The US rejoined the World Health Organisation (WHO) on Wednesday in one of the first official orders of the Joe Biden presidency, reversing a key foreign policy decision his predecessor Donald Trump took last year after accusing the UN health agency of incompetence and bowing to Chinese pressure over the coronavirus pandemic.
In April last year, as the coronavirus pandemic was spreading across the globe, Trump cut off US funding to the WHO, saying it was “virtually controlled by China.” He then went further, triggering the process to pull the US completely out of the organisation. The withdrawal was due to go into effect in July this year, but Biden’s order will cancel it.
During her phone call on Thursday, Harris discussed the decision by the Biden administration to rejoin the WHO with the health agency’s Director-General Dr. Ghebreyesus.
Harris emphasised that she and Biden believe that the WHO is vital to controlling the spread of COVID-19 and building back better global health and pandemic preparedness, according to a readout of the call issued by the White House.
“The vice president and the director-general also discussed the resumption of the United States’ role in the global public health and humanitarian response to the COVID-19 pandemic,” it said.
Harris also stressed on the Biden-Harris administration’s strong support for efforts to strengthen the global COVID-19 response, mitigate its secondary impacts, including on women and girls, and advance global health security to prevent the next outbreak from becoming an epidemic or pandemic.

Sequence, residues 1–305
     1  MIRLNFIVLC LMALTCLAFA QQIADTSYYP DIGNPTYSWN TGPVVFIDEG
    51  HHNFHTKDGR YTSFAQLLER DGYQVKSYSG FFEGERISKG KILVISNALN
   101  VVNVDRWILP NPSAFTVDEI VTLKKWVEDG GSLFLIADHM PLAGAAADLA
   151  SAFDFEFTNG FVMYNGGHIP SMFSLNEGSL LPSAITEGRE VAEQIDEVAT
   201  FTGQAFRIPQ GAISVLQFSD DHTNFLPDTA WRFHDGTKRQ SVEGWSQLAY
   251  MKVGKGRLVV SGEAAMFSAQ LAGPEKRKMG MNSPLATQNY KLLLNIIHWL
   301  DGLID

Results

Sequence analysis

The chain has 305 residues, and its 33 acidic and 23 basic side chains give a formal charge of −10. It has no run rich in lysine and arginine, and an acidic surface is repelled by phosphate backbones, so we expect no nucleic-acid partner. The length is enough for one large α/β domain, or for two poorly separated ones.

She emphasised the importance of making the US safer through global cooperation, the White House said.
Ghebreyesus thanked Harris for the call and congratulated her and Biden on their inauguration. Both the director-general and the vice president reiterated that they look forward to meeting in person.
Earlier in the day, Anthony Fauci, the government’s top infectious-disease expert, while addressing the WHO executive board meeting said the US will cease the drawdown of its staff seconded to the agency.
The US will also resume regular engagement of its government personnel with the WHO both directly and through the agency’s collaborating centres, he said.
The United States intends to fulfil its financial obligations to the organisation. It sees technical collaboration at all levels as a fundamental part of our relationship with the WHO, one that we value deeply and look to strengthen going forward, Fauci said.
“As a WHO member state, the United States will work constructively with partners to strengthen and importantly reform the WHO, to help lead the collective effort to strengthen the international COVID-19 response and address its secondary impacts on people, communities, and health systems around the world,” he added.
The Biden administration also intends to be fully engaged in advancing global health, supporting global health security and the global health security agenda, and building a healthier future for all people.
“I am also pleased to announce today that the United States plans to work multilaterally to respond to and recover from the COVID-19 pandemic. President Biden will issue a directive later today which will include the intent of the US to join COVAX and support the ACT-Accelerator to advance multilateral efforts for COVID-19 vaccine, therapeutic, and diagnostic distribution, equitable access, and research and development,” Fauci said.
The US will also work with the WHO and member states to counter the erosion of major gains in global health that we have achieved through decades of research, collaboration and investments in health and health security, including in HIV/AIDS, food security, malaria, and epidemic preparedness, he said.